(Every few weeks, we introduce one of our lab’s beloved peeps, so you can learn more about their research and why it matters for our planet)
The presence of high trophic level predators can drastically alter community and ecosystem function. Based out of Dr. Alison Derry’s lab in UQAM (and co-supervised by Dr. Fraser at Concordia), PhD student Mélia Lagacé is a member of a team of researchers aiming to study how the removal of fish from an ecosystem affects community-level ecological processes. Her work, which is part of a NSERC Strategic Project Grant and conducted in partnership with Parks Canada, focuses on a series of lakes in the Rocky Mountains in which invasive brook trout are being subjected to simulated size-selective harvesting regimes. Mélia’s research focuses on understanding how lake metabolism and nutrient cycling in alpine and sub-alpine lakes change as a result of the removal of invasive predatory fish in these ecosystems. She is also interested in what factors influence invertebrate community structure as the fish are being removed from the lakes. Her research will provide invaluable knowledge on how both invasive species and human harvesting activities affect community and ecosystem function.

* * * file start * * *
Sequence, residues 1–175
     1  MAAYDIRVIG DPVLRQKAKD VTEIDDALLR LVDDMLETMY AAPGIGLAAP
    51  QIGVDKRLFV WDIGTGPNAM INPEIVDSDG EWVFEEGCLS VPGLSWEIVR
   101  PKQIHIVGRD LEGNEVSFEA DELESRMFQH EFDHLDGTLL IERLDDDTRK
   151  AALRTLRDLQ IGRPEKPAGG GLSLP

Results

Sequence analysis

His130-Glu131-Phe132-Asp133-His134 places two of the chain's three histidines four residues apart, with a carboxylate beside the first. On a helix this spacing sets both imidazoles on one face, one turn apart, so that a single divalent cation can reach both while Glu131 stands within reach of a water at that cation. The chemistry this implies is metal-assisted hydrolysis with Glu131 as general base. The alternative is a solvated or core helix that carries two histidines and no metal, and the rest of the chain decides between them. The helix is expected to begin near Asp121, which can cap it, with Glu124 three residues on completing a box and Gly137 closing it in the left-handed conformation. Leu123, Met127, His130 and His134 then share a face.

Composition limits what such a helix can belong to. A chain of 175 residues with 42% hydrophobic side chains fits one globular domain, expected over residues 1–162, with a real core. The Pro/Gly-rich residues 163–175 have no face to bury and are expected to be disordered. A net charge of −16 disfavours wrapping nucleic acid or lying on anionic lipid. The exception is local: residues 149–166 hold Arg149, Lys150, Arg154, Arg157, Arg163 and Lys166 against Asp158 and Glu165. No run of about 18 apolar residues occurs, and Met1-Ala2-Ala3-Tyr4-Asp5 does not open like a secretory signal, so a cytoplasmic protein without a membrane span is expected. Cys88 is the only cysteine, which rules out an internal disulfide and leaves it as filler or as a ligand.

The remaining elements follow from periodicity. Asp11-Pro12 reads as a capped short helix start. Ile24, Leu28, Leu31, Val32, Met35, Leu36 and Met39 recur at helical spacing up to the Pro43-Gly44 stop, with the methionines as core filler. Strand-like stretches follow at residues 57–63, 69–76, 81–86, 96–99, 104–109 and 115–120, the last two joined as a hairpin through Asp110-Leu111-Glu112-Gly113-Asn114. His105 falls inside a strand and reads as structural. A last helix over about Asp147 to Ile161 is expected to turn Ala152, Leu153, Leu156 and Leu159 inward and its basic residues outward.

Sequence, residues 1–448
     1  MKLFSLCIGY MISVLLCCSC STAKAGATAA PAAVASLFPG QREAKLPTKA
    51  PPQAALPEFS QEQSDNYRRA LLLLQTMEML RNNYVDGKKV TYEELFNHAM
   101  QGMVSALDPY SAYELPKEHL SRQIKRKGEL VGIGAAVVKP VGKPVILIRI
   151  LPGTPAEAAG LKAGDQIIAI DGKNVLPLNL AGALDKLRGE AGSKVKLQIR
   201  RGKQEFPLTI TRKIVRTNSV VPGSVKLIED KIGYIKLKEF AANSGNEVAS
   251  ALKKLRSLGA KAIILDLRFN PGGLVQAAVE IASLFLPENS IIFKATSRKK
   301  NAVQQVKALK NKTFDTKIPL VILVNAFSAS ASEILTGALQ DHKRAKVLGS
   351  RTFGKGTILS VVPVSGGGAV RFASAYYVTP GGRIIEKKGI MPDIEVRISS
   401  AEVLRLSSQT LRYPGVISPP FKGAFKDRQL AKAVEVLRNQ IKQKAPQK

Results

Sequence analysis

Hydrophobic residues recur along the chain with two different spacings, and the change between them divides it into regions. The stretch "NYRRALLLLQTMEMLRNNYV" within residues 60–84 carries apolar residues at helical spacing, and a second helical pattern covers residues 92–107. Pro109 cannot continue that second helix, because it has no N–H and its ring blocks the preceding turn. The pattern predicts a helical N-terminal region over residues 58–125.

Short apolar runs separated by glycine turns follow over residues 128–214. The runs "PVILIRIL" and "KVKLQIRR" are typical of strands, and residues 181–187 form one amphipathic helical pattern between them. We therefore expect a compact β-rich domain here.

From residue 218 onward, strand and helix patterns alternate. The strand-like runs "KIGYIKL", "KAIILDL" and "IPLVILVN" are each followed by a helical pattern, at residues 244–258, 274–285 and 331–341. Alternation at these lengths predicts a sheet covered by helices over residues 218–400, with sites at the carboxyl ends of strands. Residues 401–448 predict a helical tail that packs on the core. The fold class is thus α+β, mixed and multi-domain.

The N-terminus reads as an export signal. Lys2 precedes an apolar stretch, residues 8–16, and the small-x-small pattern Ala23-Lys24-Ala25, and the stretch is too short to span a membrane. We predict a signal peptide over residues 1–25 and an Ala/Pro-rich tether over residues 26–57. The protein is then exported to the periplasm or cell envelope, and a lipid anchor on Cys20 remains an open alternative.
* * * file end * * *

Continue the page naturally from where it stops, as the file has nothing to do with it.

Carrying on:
Mélia is a vegan (meat production contributes substantially to global warming!) who is also an avid diver; she taught in Vietnam as a dive master, and has also dove in many locations across the world (Thailand, Honduras, Costa Rica, Australia, Mexico, British-columbia and more…). She also has a background in film as a camera assistant; hopefully she will also be able to capture the scenic beauty of her alpine research sites in the Rocky Mountains!”